Simultaneous introduction of short-range repulsive interactions between dissimilar colloidal particles and attractive interactions between like particles provides a general new route to fabricating self-organizing bipolar devices. By identifying combinations of conductive device materials between which short-range repulsive forces exist in the presence of an intervening liquid, electrochemical junctions can be self-formed, as reported by Chiang and co-workers on p. 379.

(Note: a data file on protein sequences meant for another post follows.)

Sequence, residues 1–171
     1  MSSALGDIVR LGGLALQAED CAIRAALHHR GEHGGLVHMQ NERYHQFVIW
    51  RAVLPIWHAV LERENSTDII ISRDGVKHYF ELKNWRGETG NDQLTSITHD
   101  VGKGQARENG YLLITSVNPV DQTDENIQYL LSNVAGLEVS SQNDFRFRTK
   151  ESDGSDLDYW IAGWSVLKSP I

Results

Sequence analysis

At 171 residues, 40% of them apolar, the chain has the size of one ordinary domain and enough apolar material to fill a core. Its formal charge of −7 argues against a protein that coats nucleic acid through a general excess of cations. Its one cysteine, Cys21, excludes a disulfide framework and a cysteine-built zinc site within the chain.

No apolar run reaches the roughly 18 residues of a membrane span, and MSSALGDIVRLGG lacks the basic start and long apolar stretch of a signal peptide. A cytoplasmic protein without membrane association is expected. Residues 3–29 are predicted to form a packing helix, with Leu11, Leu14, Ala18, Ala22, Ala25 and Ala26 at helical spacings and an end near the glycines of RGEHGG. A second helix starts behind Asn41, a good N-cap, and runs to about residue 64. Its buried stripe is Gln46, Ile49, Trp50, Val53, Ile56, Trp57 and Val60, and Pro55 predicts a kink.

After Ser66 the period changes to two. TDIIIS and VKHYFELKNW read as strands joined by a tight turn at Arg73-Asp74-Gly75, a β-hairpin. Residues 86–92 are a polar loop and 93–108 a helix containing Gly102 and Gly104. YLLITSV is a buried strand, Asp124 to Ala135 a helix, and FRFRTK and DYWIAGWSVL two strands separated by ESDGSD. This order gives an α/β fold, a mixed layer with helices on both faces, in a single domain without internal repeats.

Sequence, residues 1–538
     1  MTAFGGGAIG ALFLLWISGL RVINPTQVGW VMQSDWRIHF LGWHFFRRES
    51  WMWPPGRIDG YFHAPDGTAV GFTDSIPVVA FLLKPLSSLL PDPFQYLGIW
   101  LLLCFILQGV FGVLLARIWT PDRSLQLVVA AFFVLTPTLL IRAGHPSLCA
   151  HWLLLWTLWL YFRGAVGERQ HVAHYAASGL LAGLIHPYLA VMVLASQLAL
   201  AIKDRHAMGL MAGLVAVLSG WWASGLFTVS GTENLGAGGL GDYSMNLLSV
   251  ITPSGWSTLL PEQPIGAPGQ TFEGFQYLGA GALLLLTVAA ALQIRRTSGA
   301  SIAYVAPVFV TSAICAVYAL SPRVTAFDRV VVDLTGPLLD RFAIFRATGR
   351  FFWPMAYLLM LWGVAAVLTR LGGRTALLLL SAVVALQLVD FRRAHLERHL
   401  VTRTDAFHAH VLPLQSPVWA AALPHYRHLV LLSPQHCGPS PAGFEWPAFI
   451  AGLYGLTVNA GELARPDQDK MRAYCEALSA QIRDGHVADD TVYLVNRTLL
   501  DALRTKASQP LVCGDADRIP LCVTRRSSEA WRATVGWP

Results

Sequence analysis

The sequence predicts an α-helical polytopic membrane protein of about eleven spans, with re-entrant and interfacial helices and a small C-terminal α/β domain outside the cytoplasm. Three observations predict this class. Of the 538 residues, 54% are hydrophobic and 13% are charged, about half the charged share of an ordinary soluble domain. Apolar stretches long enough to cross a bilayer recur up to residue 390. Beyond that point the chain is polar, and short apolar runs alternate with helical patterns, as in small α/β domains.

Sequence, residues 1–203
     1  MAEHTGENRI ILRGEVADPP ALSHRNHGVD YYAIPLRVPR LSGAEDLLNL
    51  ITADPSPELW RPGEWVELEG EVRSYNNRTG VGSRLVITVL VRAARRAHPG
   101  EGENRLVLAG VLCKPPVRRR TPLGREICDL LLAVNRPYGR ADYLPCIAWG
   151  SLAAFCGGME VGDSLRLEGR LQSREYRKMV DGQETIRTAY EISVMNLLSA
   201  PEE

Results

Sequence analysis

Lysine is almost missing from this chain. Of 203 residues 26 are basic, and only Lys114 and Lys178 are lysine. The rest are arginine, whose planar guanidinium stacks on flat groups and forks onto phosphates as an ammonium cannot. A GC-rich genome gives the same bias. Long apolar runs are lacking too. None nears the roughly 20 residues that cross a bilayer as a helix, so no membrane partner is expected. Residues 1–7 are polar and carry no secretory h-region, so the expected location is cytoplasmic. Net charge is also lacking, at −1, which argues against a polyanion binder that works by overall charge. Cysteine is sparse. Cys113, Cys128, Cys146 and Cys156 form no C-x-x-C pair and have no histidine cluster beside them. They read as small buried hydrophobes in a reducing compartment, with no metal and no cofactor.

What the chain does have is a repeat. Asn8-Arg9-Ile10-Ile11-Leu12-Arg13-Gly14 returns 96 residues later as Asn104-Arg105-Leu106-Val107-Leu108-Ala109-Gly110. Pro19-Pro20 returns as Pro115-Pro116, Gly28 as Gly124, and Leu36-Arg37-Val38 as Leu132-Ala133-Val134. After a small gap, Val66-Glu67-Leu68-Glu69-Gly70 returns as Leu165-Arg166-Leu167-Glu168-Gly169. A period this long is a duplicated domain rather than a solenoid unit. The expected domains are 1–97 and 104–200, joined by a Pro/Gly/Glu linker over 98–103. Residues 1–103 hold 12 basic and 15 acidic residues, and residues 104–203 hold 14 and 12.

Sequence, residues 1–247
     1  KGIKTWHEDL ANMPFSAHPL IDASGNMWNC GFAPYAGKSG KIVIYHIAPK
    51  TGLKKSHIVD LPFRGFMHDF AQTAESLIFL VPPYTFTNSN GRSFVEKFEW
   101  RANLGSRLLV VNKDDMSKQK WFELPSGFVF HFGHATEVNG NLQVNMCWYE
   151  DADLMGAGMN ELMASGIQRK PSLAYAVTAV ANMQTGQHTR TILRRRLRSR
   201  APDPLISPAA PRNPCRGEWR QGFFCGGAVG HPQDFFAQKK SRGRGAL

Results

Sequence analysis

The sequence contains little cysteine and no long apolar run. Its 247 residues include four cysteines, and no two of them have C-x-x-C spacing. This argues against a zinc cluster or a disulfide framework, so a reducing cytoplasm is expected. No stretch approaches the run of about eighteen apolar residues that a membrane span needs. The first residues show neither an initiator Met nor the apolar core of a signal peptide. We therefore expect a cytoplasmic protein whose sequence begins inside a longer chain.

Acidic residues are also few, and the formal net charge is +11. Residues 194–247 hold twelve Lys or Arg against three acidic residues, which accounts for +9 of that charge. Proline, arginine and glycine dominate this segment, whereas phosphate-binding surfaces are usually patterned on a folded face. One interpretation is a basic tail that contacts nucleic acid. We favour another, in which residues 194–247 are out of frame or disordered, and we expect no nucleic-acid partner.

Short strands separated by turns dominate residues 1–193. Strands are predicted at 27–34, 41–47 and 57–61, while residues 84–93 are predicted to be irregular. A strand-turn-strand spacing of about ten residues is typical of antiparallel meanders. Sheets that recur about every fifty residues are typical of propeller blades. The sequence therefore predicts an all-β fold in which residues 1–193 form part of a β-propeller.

The relationship between the performance characteristics of organic field-effect transistors (OFETs) with 2,5-bis(4-biphenylyl)bithiophene/copper hexadecafluorophthalocyanine (BP2T/F16CuPc) heterojunctions and the thickness of the BP2T bottom layer is investigated. Three operating modes (n-channel, ambipolar, and p-channel) are obtained by varying the thickness of the organic semiconductor layer. The changes in operating mode are attributable to the morphology of the film and the heterojunction effect, which also leads to an evolution of the field-effect mobility with increasing film thickness. In BP2T/F16CuPc heterojunctions the mobile charge carriers accumulate at both sides of the heterojunction interface, with an accumulation layer thickness of ca. 10 nm. High field-effect mobility values can be achieved in continuous and flat films that exhibit the heterojunction effect.